The originally peaceful protests in Syria have developed into an intensive large-scale armed conflict leading to the death of more than 100,000 Syrians internally displacing 6,5 million according to UN estimates, and causing extensive damage to infrastructure and harm to the whole civilian population. The EU has repeatedly called for an end to the violence, for President Assad to step aside and for the launch of a political transition based on the principles outlined in the Geneva Communique of 30 June 2012. The EU supported holding a peace conference on Syria (so called Geneva II) announced by the UNSG Ban Ki-moon, which took place on 22 January 2014 together with his call for confidence building measures. The subsequent talks between the two sides ended without agreement on putting the political transition in Syria on the agenda. The EU continues to fully support the Joint Special Representative of the UN Secretary-General and the League of Arab States, Lakhdar Brahimi, in his efforts to find a negotiated solution to the crisis.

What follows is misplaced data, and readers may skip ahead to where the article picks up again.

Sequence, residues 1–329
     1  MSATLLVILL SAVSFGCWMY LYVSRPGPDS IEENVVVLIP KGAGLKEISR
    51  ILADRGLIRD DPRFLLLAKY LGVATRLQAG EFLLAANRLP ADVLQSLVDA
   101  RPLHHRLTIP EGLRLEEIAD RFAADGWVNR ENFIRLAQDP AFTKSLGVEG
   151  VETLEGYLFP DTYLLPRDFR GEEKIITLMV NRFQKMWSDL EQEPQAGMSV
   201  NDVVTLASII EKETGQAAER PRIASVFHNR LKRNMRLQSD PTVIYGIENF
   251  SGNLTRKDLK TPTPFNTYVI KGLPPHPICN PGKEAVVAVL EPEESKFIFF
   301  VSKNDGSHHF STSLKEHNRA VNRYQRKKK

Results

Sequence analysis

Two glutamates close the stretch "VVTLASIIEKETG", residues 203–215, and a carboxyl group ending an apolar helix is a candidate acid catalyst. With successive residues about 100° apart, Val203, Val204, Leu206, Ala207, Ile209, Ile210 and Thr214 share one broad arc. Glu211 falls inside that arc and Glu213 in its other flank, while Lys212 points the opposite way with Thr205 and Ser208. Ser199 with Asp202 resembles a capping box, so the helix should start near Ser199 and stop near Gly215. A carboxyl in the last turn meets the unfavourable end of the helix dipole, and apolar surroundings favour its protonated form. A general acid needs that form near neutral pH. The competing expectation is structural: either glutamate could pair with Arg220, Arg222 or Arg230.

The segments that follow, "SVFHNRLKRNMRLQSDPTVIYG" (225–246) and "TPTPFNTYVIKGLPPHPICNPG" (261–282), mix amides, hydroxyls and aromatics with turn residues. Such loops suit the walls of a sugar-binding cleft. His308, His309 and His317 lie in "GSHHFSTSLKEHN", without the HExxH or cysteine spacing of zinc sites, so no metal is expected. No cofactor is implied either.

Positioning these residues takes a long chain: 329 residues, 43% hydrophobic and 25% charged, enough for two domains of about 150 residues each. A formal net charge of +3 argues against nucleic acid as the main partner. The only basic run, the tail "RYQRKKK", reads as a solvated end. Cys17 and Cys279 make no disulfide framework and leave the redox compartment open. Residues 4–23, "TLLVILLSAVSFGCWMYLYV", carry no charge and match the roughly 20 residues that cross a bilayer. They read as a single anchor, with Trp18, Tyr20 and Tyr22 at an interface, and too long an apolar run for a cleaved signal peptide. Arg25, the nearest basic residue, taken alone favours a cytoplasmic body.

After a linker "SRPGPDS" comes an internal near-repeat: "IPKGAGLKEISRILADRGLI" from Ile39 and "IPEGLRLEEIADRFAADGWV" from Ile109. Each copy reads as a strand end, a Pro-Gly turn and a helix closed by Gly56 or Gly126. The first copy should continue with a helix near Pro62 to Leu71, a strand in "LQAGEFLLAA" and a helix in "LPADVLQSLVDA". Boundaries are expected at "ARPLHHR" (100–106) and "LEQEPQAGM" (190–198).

The EU has urged the UN Security Council Members to agree on a resolute UN action towards Syria. The EU supports the UNSC resolution 2118 calling on the destruction of Syrian chemical weapons and supporting the political solution based on the Geneva Communique. The EU also supports the UNSC presidential statement (S/PRST/2013/15) on the humanitarian situation. The EU welcomes that the unanimous agreement in the UNSC to go beyond the presidential statement and agree on the UNSC resolution 2139, which calls for a series of measures that would allow better humanitarian access including through cross border operations. In the UN Human Rights Council, the EU achieved the convening of three Special Sessions on Syria and the adoption of the respective resolutions. The EU strongly supported the mission of the International Commission of Inquiry on Syria, and efforts aimed at ensuring accountability for crimes committed during the Syrian conflict. The EU also provided material equipment to the UN Supervision Mission in Syria (UNSMIS) during its operations.